To assess fault interactions and organisational patterns in a 3D deforming system, we used simple, gravity-driven, ductile-brittle analogue models. We reproduced symmetrical 3D strain fields, which (i) may be representative of the deformation occurring at symmetric intersections of different plate boundaries (e.g. triple junctions, areas of rift-plume interaction, intersections of rift segments) and (ii) are suitable to highlight any local perturbation of the stress field induced by fault activity. Finally, we compared final fault geometries (i) between our model of isotropic radial extension and the Afar triple junction, where the East African, Gulf of Aden and Red Sea rifts intersect at approximately 120°, and (ii) between our model of synchronous bidirectional extension and the Barents Sea rift-strike slip margin, where the Atlantic and Arctic rifts intersect at approximately 90°. Our work shows how well-developed faults can constrain the local strain field, forcing new faults to develop perpendicular to them. Hence, a regional 3D strain field can be accommodated by systems of interacting fault sets, which strike perpendicularly to the local extension direction, and thus in accordance with Anderson’s theory of faulting1.


To reproduce isotropic radial extension and bidirectional extension, we constrained the lateral flow of the basal ductile layer of the models, and thus the strain field, by creating a circular and a square model respectively (see Methods for details on model materials and scaling). In order to determine diagnostic fault geometries of true 3D strain fields with respect to polyphasic extension, we reproduced both synchronous bidirectional extension (i.e. simultaneous extension along two perpendicular directions) and 2-phase bidirectional extension (i.e. two successive phases of uniaxial extension perpendicular one to the other). Our models reproduce extension of a brittle layer (1 cm-thick) overlying a ductile layer (1.5 cm-thick), representing possibly different tectonic environments23. Although the models were specifically scaled to simulate extension of an uppermost brittle layer (1–3 km-thick) overlying a lithological interval (3–4.5 km-thick) with ductile rheology in the shallow crust, they may be also representative of the whole upper crust (10–15 km-thick) overlying the ductile lower crust (15–22.5 km-thick; see Methods for details on the scaling procedure). The geometrical scaling ratio, combined with the viscosity of the ductile material and the velocity of deformation of the models, may correspond to a natural velocity in the range of 2.9–29 mm/yr, which correlates well with natural extensional systems (see Methods section). Hence, the geometries of our models are representative of the normal faults patterns developing in a natural rift system (e.g. the Barents Sea, Afar Triple Junction).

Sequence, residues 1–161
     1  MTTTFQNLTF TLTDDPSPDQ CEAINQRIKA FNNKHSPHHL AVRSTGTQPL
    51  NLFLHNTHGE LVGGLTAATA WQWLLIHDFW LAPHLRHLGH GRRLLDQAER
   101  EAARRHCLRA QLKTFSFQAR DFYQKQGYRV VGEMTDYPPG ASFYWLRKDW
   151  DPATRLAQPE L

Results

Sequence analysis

Isotropic radial extension

Isotropic radial extension results in a pattern of polygonal faults with a rather uniform strike distribution (Fig. 1, Rose diagram). Normal faults generally intersect each other at high angles (90°–120°), and are arranged in triple junctions of grabens (Fig. 1, Intersection angles). Two arms of the triple junctions typically accrue more displacement than the third one, forming a major curvilinear graben. Based on their length and sinuosity (see Methods for details on the measurement procedure), faults can therefore be subdivided into two fault populations (Fig. 1, Fault length-sinuosity): (i) major, high-sinuosity normal faults (orange segments in Fig. 1, Interpreted faults) and (ii) minor, straight faults (green segments in Fig. 1, Interpreted faults). The straight faults generally intersect the high-sinuosity faults in the points of maximum curvature of the latter and terminate against them, producing Y-shaped intersections.

Figure 1

Final fault geometries following isotropic radial extension. Major curvilinear faults (orange segments) intersect minor straight faults (green segments) in their points of maximum curvature. In the fault length-sinuosity diagram, orange points and green points correspond to curvilinear and straight faults, respectively. See Methods for details on how we took measurement of strike distribution, fault length and sinuosity, and intersection angles between faults.